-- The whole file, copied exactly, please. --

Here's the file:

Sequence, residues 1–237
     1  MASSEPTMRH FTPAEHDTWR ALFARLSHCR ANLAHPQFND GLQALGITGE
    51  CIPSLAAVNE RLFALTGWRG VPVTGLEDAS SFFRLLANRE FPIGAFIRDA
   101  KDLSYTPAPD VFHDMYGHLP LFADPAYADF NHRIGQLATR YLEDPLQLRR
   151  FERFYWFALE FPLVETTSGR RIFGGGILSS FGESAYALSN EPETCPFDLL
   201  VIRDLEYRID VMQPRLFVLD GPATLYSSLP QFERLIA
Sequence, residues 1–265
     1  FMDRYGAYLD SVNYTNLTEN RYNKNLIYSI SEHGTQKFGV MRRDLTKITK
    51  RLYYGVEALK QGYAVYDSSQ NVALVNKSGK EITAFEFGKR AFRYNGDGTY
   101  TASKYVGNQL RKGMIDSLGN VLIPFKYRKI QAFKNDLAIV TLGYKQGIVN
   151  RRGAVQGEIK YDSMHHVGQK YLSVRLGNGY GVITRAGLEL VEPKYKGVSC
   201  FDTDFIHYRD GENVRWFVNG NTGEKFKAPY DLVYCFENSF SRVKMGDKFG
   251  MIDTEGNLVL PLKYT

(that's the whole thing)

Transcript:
Sequence, residues 1–237
     1  MASSEPTMRH FTPAEHDTWR ALFARLSHCR ANLAHPQFND GLQALGITGE
    51  CIPSLAAVNE RLFALTGWRG VPVTGLEDAS SFFRLLANRE FPIGAFIRDA
   101  KDLSYTPAPD VFHDMYGHLP LFADPAYADF NHRIGQLATR YLEDPLQLRR
   151  FERFYWFALE FPLVETTSGR RIFGGGILSS FGESAYALSN EPETCPFDLL
   201  VIRDLEYRID VMQPRLFVLD GPATLYSSLP QFERLIA
Sequence, residues 1–265
     1  FMDRYGAYLD SVNYTNLTEN RYNKNLIYSI SEHGTQKFGV MRRDLTKITK
    51  RLYYGVEALK QGYAVYDSSQ NVALVNKSGK EITAFEFGKR AFRYNGDGTY
   101  TASKYVGNQL RKGMIDSLGN VLIPFKYRKI QAFKNDLAIV TLGYKQGIVN
   151  RRGAVQGEIK YDSMHHVGQK YLSVRLGNGY GVITRAGLEL VEPKYKGVSC
   201  FDTDFIHYRD GENVRWFVNG NTGEKFKAPY DLVYCFENSF SRVKMGDKFG
   251  MIDTEGNLVL PLKYT